Ron Thom’s Master Plan
As many loggers know, a lot has been happening lately to improve the University of Puget Sound campus. A more accessible and enriching campus has been the goal since about 2003 in what administrators affectionately call “The Master Plan.”
For the past nine years, new developments have been assessed, approved and brought to life on the Puget Sound campus. Although the plan is only nearly halfway complete, the already completed developments have altered the campus immensely, including the opening of Weyerhaeuser Hall, the new health sciences building which was unveiled in fall 2011, as well as Harned Hall, the science laboratory facility, which opened in fall 2006.
Many other renovations and unveilings in the past nine years, including Thompson Hall and Commencement Walk, have greatly impacted the magnetic pull the University of Puget Sound has on all of its faculty and students.
Currently, two big projects at the University have been the buzz on campus since fall semester began about four weeks ago.
This includes the incredibly organized construction of the new residence hall on campus, with a scheduled opening date in fall 2013.
The layout for this hall, which can be seen on a large sign strategically placed on Commencement Walk for all to see, is impressive in size and capability. Besides a plentiful number of dorm rooms and space, the design includes a meeting room and a seminar room to enrich learning.
The other new development, which is still under wraps, is the fundraising and progress of the new Athletics and Aquatics center on campus.
This project has been highly anticipated for quite a long time, and many students believe that the expansion and refurbishment of a new gym is long overdue.
Junior Marissa Florant, a varsity volleyball player, commented on the athletic facilities’ lack of space. “The facilities are so small. It’s hard to complete a thorough workout and training when there isn’t enough space to do it.”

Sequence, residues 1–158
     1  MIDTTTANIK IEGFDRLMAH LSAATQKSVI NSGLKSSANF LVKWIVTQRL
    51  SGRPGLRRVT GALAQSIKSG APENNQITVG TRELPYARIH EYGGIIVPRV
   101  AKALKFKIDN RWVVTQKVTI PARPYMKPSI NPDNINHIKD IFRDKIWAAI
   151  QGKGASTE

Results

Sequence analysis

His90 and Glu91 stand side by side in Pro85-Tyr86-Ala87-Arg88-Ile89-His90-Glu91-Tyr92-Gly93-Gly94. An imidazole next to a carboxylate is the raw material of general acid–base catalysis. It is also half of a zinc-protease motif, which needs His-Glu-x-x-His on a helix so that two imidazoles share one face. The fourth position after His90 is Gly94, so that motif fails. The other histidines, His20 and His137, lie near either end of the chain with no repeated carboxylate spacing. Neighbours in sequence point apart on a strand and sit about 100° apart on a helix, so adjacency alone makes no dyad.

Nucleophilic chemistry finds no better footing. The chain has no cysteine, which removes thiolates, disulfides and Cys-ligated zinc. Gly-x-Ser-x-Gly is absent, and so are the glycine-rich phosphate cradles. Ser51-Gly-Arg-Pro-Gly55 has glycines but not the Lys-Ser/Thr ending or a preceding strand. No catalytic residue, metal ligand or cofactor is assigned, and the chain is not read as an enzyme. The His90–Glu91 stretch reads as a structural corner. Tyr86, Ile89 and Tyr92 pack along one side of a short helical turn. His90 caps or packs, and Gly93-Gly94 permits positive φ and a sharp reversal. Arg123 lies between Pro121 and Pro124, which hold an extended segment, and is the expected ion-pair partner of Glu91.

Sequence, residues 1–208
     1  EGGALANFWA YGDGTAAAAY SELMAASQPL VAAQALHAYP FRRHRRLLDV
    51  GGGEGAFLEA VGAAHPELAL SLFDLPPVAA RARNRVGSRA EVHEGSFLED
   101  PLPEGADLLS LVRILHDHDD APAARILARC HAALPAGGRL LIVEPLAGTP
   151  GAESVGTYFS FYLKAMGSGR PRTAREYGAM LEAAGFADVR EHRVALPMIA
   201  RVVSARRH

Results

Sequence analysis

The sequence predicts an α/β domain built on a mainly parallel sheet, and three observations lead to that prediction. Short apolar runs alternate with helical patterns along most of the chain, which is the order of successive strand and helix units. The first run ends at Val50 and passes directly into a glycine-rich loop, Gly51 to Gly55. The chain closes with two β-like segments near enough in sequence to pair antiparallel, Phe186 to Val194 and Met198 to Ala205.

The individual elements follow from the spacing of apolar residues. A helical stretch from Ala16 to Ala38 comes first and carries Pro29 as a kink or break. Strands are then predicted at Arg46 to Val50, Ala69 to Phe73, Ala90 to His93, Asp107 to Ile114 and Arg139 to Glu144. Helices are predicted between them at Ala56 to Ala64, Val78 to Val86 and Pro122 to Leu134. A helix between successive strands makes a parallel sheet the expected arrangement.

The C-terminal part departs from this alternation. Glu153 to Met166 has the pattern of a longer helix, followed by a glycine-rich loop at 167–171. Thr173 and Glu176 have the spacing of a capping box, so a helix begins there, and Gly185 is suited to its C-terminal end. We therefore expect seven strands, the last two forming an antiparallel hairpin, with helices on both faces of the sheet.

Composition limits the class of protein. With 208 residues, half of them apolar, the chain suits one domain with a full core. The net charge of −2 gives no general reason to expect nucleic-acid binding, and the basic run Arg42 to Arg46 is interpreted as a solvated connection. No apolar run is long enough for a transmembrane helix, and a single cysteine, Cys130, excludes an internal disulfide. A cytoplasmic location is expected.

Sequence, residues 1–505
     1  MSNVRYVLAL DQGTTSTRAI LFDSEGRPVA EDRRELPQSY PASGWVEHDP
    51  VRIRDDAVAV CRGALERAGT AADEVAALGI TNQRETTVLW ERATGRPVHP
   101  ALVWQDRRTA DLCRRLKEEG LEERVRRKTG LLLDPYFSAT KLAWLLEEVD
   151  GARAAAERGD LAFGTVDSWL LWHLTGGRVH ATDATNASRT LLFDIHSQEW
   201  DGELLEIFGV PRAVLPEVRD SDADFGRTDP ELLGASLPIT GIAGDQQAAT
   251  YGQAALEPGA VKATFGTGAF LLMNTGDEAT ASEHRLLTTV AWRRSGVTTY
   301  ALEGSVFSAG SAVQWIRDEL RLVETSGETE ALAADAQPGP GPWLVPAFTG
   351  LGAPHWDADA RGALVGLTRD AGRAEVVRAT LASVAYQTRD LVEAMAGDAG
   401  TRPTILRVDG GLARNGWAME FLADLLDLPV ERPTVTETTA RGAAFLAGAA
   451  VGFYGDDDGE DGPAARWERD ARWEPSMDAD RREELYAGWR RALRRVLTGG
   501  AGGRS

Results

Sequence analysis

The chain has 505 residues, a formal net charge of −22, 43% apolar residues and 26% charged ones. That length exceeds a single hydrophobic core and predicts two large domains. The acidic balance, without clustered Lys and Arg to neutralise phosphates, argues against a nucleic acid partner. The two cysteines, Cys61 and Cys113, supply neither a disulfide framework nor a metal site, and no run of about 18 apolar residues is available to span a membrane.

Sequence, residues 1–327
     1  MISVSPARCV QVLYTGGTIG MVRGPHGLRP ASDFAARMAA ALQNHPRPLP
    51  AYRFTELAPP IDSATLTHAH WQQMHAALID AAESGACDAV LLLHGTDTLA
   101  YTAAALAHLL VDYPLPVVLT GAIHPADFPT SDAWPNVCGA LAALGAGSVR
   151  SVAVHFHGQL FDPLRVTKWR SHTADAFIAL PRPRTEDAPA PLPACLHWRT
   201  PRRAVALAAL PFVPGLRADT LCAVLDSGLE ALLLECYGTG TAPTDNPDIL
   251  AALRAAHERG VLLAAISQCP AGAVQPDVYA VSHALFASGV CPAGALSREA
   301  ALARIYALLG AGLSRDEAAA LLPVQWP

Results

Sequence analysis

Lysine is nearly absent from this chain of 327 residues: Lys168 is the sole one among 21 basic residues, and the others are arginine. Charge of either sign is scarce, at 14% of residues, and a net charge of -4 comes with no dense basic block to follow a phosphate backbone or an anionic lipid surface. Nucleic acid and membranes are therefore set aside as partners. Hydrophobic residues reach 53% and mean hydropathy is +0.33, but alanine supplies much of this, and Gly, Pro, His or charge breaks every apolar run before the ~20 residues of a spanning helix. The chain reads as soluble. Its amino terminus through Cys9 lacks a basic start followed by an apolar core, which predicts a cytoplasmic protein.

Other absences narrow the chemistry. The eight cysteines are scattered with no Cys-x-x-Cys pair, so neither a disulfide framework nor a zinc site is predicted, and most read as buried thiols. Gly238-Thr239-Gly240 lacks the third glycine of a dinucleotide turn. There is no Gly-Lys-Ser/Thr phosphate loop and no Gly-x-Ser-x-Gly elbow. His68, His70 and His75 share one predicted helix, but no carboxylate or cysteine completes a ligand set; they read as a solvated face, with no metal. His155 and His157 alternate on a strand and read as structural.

Florant went on to comment on the capabilities of the new facility, saying, “Although the new center won’t affect me, for people in the future I think it is going to be a great opportunity. It will provide student athletes with more assistance and more space to work harder and do more.”
When one enters the gym to work out for an hour at around 3:15 p.m. on a regular school day, it is very difficult to get in the proper workout.
The University of Puget Sound’s student population is made up of about 20 percent student athletes, a hefty number that believes it should be well cared and supplied for.
With this new center, it is hoped that all of the student athletes will have enough space to complete their workout regimens in peace.
The fundraising has been a grueling process. In July this past summer the University excitedly announced a $1.1 million dollar donation from the Names Family Foundation, a foundation that dedicates time and effort to philanthropy while also promoting health and fitness.
Erin Shagren, a trustee and administrator of the foundation, as well as a class of ‘88 alumni of the University, said she is “excited about the new athletics facility because University of Puget Sound has been important to her family.”
This enthusiasm that Shagren displays towards the athletic center is just what this campus needs to make it happen thoroughly and swiftly.
With this donation, the new and improved Athletics and Aquatics center will become more than just a dream for students and faculty alike, campus-wide.